20 Scrape Twitter data using R

Senqi Zhang

# install.packages("twitteR")
# install.packages("rtweet")
library(twitteR) #Note there is only one big capital R at the end

Social media is an emerging field of study for researchers. During the pandemic, lots of studies carried out analysis using Twitter data. In this tutorial, I want to introduce the basics of scraping Twitter data using R. I will introduce two libraries rtweet and twitteR. Note that these two libraries do not complement each other. rtweet actually contains all functionality in twitteR and more. It is updated and maintained more recently, and I would always suggest using rtweet for collecting Twitter data. However, for this tutorial, I will still introduce twitteR.

20.1 Preparation

20.1.1 Apply for developer account

To start, we need a Twitter account (and a valid phone number associated).

In order to gain access to Twitter data, we will have to apply for a developer account.

You can apply using https://developer.twitter.com/en.

The applying process requires you to fill in some academic and project information. It’s a relative easy process and we will not dive deep into that.

20.1.2 Set up the App and generate tokens

After your application goes through, you need to set up your “App”. Select Project & Apps and choose Create App

After successfully creating an App, click on Keys and tokens, then Generate. One page will pop up and contains all the information you need, including API key, API secret, Access Token, and Access Token Secret. You will need to keep a record of them.

20.1.3 Libraries

We will use the following two libraries: twitteR and rtweet.

20.2 twitteR

20.2.1 Connection

We will first introduce the library TwitterR. Note that these keys are revoked after I finished the tutorial, so do not try to use them.

API_key = "viQ7dbfTQrjCXq7MGc33C5KId" 
API_secret = "K6Xa9ZqBzjofXc8YpISMR1rfsv0PuwWHBXgTLYeziar3zIUg3Y"
Access_token = "1238492669338419200-8PM1QodMzH89YW99rClzdNEaw1VdMK"
Access_secret = "oWAZqJiw2V0LE8rI6OPV7htKWD9UTeU9o2cTiCMbUZ5Cq"

To start, we need to establish the connection. You will need to enter “1” in the console to authorize the connection.


20.3 rtweet

20.3.1 Connection

To establish connection, use a function like search_tweets("Covid-19")in the console. Then, if you have signed into your Twitter develop account, a page will pop-up, asking you to authorize API usage. Agree and the connection will be established.

20.3.2 Search

The search function for rtweet resembles that of twitteR, with some changes. We can specify multiple keywords using a blank space. The result will return tweets that contain any of the three words. We can filter out retweets by setting include_rts to FALSE.

covid_df2 <- search_tweets("Covid-19 vaccine flu",n=50, include_rts=FALSE, lang="en")

You can observe that the returning data frame actually has 90 features compared to 16 features from twitteR data frame. The text feature did not seem to be complete because some parts did not show up due to the display length. We can write our data frame into a csv file and observe that the text feature is complete.

#write_as_csv(covid_df2, "covid_df", na ="NA")

20.3.3 Streaming

The search function has limitations. For search_tweets, it only returns results from the past 6-9 days. We resort to the streaming function to collect real-time tweets.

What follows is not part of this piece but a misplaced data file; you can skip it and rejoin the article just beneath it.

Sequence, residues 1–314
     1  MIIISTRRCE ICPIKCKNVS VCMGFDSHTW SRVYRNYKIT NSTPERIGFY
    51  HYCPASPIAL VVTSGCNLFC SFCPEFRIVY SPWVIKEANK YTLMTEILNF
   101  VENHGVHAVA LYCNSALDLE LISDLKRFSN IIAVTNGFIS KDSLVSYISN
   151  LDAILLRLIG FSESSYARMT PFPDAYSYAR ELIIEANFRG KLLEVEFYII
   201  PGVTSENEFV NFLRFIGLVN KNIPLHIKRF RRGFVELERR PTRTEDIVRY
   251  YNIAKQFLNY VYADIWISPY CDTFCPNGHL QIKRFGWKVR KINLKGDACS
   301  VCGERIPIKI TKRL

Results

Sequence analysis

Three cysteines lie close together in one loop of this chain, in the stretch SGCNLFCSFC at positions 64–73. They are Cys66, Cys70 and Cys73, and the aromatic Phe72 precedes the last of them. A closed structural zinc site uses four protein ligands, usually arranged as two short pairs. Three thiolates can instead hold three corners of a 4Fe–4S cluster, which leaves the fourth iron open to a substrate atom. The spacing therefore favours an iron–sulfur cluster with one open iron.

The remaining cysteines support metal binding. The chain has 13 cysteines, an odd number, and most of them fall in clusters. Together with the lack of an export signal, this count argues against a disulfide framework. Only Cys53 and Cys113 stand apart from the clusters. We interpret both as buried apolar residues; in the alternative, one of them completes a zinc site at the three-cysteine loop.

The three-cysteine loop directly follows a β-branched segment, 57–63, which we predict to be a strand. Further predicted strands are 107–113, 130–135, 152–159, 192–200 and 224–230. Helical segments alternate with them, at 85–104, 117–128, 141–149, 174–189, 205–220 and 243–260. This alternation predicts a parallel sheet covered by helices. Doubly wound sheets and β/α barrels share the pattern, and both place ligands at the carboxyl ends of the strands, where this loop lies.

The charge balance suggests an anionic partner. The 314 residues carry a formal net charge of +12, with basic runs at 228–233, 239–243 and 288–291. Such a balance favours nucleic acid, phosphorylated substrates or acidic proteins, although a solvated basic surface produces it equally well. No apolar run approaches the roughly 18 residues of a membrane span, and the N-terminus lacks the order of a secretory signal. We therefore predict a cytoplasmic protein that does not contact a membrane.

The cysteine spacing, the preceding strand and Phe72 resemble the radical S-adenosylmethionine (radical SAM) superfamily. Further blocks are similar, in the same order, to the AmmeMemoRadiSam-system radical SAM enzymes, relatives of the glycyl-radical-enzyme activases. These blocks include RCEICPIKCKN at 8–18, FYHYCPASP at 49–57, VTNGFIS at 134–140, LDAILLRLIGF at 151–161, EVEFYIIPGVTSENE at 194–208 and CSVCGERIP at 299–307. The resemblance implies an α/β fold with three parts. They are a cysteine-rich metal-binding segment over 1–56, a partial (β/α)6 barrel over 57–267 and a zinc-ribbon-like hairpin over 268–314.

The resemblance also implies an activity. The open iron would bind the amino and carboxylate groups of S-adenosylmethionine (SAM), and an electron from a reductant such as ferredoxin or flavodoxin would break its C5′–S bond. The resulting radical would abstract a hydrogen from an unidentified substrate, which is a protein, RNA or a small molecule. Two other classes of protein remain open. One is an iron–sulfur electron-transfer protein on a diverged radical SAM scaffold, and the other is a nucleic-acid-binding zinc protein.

You can stream random sample without specifying any keywords. The timeout parameter defines the time period searching. If you want to stream indefinitely, set timeout = FALSE. The function will return 1% of tweets posted during the time.

rand_tweet <- stream_tweets("", timeout= 3)

You can not specify language and the results display multiple languages.

You can also specify keywords and write the data into a json file. For data collection purpose, this is recommended method. You can settimeout=FALSE to collect for a continuous period. The collected data will be in “covid.json”.

#covid_tweet <- stream_tweets("Covid-19", timeout=3, file_name = "covid.json", langangue="en")

20.3.4 Other functions

You can use get_timeline to retreive tweets posted by target users.

potus_tweet <- get_timeline("@POTUS",n=5) #Collecting tweets posted by the president.

You can use the following to find certain groups of users. For example, get_friends returns the ids of those who Elon Musk follows. I then use lookup_users to find out one specific user. (Which is the Creator of Dogecoin)

em_favorite <- get_favorites("@elonmusk",n=5)
em_friends <- get_friends("@elonmusk",n=5)
em_follower <- get_followers("@elonmusk",n=5)
friend <- lookup_users(30699048)

You can use the built in ts_plot to plot a time series showing tweets posted at each time stamp. We set the interval to be 5 minutes.

covid_df3 <- search_tweets("Covid-19",n=1000, include_rts=FALSE, lang="en")
ts_plot(covid_df3,by = "5 minutes")

There are other functions that allow you to manipulate your own Twitter status, like posting tweets, following a certain Twitter users, etc.. I will leave those for the readers to find out. Refer at https://www.rdocumentation.org/packages/rtweet/versions/0.7.0 for a full list of functions to use.

20.4 Wrap up

20.4.1 API limitations

Both the libraries are actually built up based on the Twitter API, and Twitter standard API poses some fundamental restrictions. For example, search generally allows you to search back only seven days. For this reason, I suggest always using streaming method if you want to collect a large amount of data. For other limits, you can refer to: https://developer.twitter.com/en/docs/twitter-api/early-access.

20.4.2 Python equivalent library

You can also refer to the Tweepy library in Python, which has the same functionality in collecting tweets, at https://docs.tweepy.org/en/stable/.